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Straw hat riots: how a fashion faux pas once triggered a mass brawl

Carolin Teufelberger
Zurich, on 08.04.2022
Translation: Julia Graham

The role straw hats now play in current fashion is minor. But rewind 100 years and it was an integral part of men’s wardrobes. It even had the power to bring parts of New York to a standstill.

These days, we’re familiar with straw hats, especially when we see them on drunk tourists in Majorca or as merch at festivals. But there was a time when they were considered THE summer hat. We just have to take a trip back in time, to 100 years ago.

Welcome to New York, where the year is currently 1922. Let me set the scene. World War I is over and the economic upswing has lent the decade the nickname of the Roaring Twenties. Straw hats are an integral part of your outfit, much like a shirt or pair of shoes. It protects workers and people strolling or idling from the sun as well as the rain. A task that the car will increasingly take on over the next few decades, turning the hat from fashion must-have to accessory.

But the «boater» is ever-present. From the beginning of the century, the straw hat was to be found on men’s heads throughout the city. It was a must on summer boat trips in particular (hence the name). It meant New Yorkers didn’t have to sweat under a felt hat anymore when it was 35 degrees. Those wouldn’t be used again until autumn. Or more specifically, from 15 September, which is cut-off day (content in German).

This is what boater hats look like.
This is what boater hats look like.

On that day, the men of New York have to stow their boater back in the wardrobe and dig out their felt hat, according to an unwritten fashion rule. But one that’s adhered to rigorously. Anyone caught on 16 September with a straw hat on would be mobbed, laughed at and even lose their hat. It’s a common occurrence to see most of a person’s friends beat the straw hat off their head and even trample the hat afterwards.

What is clear is that fashion was more of a social code than a way to play around and express yourself back then. But there was an exception in 1922 in the form of a group of young people. Either through boredom or rebellion, a few boys decided to bring cut-off day forward and knock straw hats off men’s heads on 13 September. They begin their raid in Mulberry Bend in Manhattan. The area is now the home of Chinatown, but then it was considered a densely populated, disease-ridden criminal district.

The first people the boys come across are factory workers, who they take by surprise with the premature tradition. It’s to be assumed the workers react with a few choice insults, but the situation remains peaceful. That changes when the young people try the same thing with dock workers. They don’t find it funny and hit back. What ensues is a mass brawl, which impedes traffic on Manhattan Bridge and has to be dispersed by the police. A few youths get arrested.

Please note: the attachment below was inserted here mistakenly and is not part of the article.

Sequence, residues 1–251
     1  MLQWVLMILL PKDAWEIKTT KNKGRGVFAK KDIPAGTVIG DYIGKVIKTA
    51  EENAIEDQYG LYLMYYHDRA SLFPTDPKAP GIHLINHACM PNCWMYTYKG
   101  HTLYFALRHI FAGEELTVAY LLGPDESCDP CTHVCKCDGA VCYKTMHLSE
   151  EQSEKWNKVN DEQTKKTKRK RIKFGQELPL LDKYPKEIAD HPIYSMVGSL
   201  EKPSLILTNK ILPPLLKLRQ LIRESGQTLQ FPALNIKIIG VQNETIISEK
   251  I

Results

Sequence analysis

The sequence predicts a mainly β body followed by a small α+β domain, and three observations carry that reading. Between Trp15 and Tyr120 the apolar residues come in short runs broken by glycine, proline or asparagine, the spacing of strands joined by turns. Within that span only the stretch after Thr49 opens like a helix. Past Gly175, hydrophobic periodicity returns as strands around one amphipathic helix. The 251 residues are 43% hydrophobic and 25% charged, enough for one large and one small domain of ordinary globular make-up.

The New York Times headline on 16 September 1922
The New York Times headline on 16 September 1922

However, the straw hat riots, as the riots were soon to be called, aren’t over yet. The next evening numerous teenage gangs march through the streets of the city to continue the campaign. Some carry spiked sticks to help them fish the hats from the top of the wearer’s head. A 1000-man mob terrorises entire blocks near Amsterdam Avenue. Several of the men who put up a fight when their hats are being stolen get beaten up and find themselves in A&E. At the same time, hat shop owners are rubbing their hands in glee. They stay open later just so anxious New Yorkers can get their hands (or heads) on felt hats – and so shops can do a roaring trade.

The police are slow to get the riots under control. They arrest several young people, but those under 15 can’t be arrested. As a result, officers have to leave the punishment to the parents, although they do recommend giving the kids a good hiding. Those older than 15 usually get away with a fine; only a few end up in prison. And if they do, it’s for at most three days.

In spite of this incident, the tradition continues for a few more years to come. In 1924, a man was even murdered for wearing a straw hat for too long. This was too much for the then president, Coolidge, which is why a year later he decides to simply ignore cut-off day. As a result, he makes it to the front page of the New York Times and simultaneously ends the tradition of knocking hats off.

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Beechfield Trilby (S/M)
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My life in a nutshell? On a quest to broaden my horizon. I love discovering and learning new skills and I see a chance to experience something new in everything – be it travelling, reading, cooking, movies or DIY.


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